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In 1829, Louis Braille published the first book introducing the braille system—and while the applications of braille have been immense, the system is designed around the outdated technologies of the 1800s.
We’ve created a modern, efficient alternative that’s incredibly easy to learn for people who have a visual impairment.
ELIA letters—known as ELIA Frames—leverage modern printing technology and design principles to optimize each letter’s design and create easily identifiable characters. We based ELIA Frames on the standard Roman alphabet, since roughly 70% of the world’s population uses it to read and write.
Each ELIA Frame features an outer frame (circle, square, house) and interior elements that combine to form the main characteristics of standard alphabet letters.
Most of you looking at this page likely aren’t visually impaired—but maybe you know someone who is. Or, perhaps you’re a designer who believes in the mission and would like to support the campaign by taking home a poster. Either way, we need your help and support to share our message.
Braille: the current system
Braille has been described by Fred Schroeder as “liberating a whole class of people from a condition of illiteracy and dependency, and giving them the means for self-fulfillment and enrichment.” We couldn’t agree more—it is extremely important for those who can read it. However, braille has considerable shortcomings in the 21st century:
- Less than 1% of those who have a visual impairment can read braille.
- Of those who lose their vision as adults (roughly 98% of the population), very few learn braille—so it is not a viable resource for the vast majority of those who have lost their vision.
- Braille requires exceptional finger sensitivity and intellect, along with a lot of determination and time—it can take up to 10 months just to learn the alphabet.
ELIA: our modernized system
- About 200 million people with a visual impairment could benefit from ELIA in its current design, and another 85 million could benefit from it if customized to their standard scripts.
- Currently, the employment rate among individuals with visual impairment is at an estimated 43%. For those who read braille, that rate soars to 85%. ELIA can have the same benefit for the 99% who can’t read braille.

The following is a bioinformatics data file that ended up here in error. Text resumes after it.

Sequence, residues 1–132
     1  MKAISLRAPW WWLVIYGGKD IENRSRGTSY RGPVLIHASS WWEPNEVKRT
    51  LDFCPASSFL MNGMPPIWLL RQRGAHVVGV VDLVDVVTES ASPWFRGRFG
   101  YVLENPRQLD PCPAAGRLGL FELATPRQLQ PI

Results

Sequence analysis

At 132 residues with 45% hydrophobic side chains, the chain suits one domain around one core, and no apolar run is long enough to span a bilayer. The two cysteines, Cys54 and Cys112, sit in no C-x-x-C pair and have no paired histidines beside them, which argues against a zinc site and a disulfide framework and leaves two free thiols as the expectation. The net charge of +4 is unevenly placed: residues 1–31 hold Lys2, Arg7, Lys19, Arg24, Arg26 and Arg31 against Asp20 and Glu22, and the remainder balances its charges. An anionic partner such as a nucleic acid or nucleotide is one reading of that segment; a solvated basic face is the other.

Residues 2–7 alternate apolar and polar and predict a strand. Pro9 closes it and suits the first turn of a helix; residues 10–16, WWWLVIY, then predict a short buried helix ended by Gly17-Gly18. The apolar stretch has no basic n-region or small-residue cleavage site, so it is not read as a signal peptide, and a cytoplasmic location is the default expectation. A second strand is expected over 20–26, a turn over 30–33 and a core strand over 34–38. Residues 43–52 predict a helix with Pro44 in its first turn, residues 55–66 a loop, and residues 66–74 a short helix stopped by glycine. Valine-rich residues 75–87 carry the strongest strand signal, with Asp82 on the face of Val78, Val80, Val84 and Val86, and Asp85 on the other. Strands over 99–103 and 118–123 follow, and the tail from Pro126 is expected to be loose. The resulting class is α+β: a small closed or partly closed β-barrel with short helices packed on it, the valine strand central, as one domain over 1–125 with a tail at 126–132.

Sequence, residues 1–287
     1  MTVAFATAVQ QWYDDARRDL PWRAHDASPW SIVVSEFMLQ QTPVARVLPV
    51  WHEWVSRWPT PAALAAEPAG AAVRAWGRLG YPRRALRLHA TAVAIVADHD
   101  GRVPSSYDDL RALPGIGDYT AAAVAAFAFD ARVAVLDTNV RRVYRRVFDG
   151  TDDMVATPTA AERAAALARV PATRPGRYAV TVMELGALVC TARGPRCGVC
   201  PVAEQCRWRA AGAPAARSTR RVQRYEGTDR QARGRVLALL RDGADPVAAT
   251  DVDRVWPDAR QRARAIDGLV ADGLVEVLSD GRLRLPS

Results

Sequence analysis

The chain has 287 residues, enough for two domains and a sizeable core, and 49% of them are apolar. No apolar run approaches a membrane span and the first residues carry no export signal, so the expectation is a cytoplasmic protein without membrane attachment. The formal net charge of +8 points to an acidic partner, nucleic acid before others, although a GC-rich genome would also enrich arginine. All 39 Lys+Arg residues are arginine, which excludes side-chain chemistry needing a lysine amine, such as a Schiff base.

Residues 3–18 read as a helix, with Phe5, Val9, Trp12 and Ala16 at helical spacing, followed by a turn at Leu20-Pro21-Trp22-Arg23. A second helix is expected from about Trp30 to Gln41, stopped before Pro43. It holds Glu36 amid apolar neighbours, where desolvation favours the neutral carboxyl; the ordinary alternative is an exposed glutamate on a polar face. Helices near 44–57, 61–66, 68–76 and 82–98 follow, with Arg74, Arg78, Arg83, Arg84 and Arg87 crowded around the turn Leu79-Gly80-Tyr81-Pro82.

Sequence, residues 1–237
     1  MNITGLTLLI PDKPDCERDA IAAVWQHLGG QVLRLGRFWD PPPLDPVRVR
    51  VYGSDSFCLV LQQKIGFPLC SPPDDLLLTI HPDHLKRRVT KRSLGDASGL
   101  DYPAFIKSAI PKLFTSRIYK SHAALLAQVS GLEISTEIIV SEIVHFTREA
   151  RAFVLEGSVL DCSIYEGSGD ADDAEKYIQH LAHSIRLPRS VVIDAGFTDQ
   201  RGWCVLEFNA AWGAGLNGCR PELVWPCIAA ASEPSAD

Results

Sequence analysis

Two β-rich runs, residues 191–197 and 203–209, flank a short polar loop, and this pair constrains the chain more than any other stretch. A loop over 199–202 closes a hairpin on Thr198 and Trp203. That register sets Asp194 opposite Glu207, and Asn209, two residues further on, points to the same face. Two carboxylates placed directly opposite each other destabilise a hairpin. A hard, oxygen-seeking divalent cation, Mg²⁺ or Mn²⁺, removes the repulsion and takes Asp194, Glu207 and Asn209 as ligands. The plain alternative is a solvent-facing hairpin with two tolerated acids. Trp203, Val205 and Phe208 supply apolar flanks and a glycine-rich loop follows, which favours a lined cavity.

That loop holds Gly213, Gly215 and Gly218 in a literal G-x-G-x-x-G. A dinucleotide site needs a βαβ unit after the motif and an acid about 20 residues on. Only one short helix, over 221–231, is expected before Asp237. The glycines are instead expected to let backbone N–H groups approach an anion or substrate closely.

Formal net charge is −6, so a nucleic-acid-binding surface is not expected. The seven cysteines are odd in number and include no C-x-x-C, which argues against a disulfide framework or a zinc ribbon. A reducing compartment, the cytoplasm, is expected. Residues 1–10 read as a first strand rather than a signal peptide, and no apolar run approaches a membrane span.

- ELIA Frames can be learned tactilely in as little as 3 hours—and visually in a few minutes—since the font leverages a previously established alphabet.
How to read ELIA
Our design process
To design the system, we created and tested hundreds of letter shapes and combinations of letter features. We prioritized the most easy-to-feel features, incorporated them in the most frequently used letters (e.g. the letter “E” is easier to feel than the letter “K”), and then tested those letter shapes to study which were most commonly confused with others.
The ELIA Frames letters are designed to be understood by touch for those who have a severe visual impairment, to be read by touch and sight for those who have modest visual impairment, and to be read visually by those who have full sight.
Our design partners
The original design for ELIA was created by our founder Andrew Chepaitis’ mother. From there, Andrew, with help from graphic designer Ze Frank, developed the first frames font, and we then finalized the design of ELIA with our industrial designer, Reed DeWinter of Humanfactors Design Works.
Thanks to a collaboration with Order, we’ve been able to make ELIA as effective and beautiful as possible. Order is a design studio founded by Hamish Smyth and Jesse Reed, who has previously worked on communication design projects like the WalkNYC pedestrian wayfinding system, and Kickstarter’s redesign. Their team built upon our design work to leverage the essential parts with new tools, to help communicate our project in a clear, memorable, and unique way.
Order created the Roman alphabet ELIA font using the established ELIA Frames matrix for a cohesive, effective, gorgeous new identity.
- Got any news, tips or want to contact us directly? Feel free to email us: firstname.lastname@example.org. Also subscribe now to receive daily or weekly posts.